A new device is helping deaf people to "hear" music through vibrations, 200 years after the technique was used by Beethoven as he lost his hearing.
The Vibrato is still in development
Different instruments, rhythms and notes can be felt through five finger pads attached to the "Vibrato" speaker.
Brunel University design graduate Shane Kerwin is working on a prototype which he hopes will allow deaf children to join in mainstream music lessons.
If connected to a computer, the device allows deaf people to compose music.
Mr Kerwin said: "Vibrato will mean deaf children can join in with music classes in a way that would previously have been impossible.
"I hope that Vibrato will help us to integrate deaf students into mainstream musical education and enable schools to encourage deaf children to take up music as much as hearing children."
Earlier this month, it was reported that scientists are developing a cochlear implant, which could allow deaf people to hear music as well as speech, by using a wider frequency range.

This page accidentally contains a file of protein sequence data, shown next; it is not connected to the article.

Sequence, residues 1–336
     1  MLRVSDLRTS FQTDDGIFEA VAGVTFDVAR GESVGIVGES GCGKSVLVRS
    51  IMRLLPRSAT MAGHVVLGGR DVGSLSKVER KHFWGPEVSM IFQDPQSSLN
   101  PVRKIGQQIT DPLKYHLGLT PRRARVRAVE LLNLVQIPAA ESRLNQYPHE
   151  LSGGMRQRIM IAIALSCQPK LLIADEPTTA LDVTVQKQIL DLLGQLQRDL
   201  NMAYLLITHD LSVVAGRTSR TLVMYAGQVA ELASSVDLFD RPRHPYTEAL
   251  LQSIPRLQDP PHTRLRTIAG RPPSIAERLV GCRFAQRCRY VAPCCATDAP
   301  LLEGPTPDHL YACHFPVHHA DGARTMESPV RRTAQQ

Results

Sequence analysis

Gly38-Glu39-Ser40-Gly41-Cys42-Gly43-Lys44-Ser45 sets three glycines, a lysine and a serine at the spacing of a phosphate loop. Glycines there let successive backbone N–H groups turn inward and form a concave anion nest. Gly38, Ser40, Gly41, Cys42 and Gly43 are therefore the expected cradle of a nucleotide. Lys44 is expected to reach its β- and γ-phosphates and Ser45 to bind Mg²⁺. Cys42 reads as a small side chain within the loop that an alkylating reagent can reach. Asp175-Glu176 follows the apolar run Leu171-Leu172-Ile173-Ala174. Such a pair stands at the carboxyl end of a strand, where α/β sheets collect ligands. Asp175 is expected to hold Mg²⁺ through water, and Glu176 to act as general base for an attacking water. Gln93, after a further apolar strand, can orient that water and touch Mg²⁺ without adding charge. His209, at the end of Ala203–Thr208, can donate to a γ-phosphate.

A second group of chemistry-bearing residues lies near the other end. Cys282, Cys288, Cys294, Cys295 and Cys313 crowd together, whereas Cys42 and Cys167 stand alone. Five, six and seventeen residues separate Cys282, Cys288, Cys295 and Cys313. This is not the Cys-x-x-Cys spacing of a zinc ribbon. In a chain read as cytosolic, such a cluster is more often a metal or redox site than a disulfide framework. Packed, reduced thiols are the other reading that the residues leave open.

And there have been several "deaf raves" in London, with an emphasis on bass and heavy rhythmic tracks, allowing clubbers to feel the music through their bodies.
But the idea of hearing music through vibrations dates back much further. Ludwig van Beethoven was completely deaf by 1818, but continued to compose for another 10 years.
He is said to have cut the legs off his piano and played while sitting on the floor so he could feel the vibrations better.
Paul Whittaker, artistic director at the UK charity Music and the Deaf, said many deaf people were able to enjoy music - but much of the technology was not available to them.
"The lack of tactile sensation means deaf people cannot easily perceive the sounds being produced, so Vibrato is a very welcome resource indeed," he said.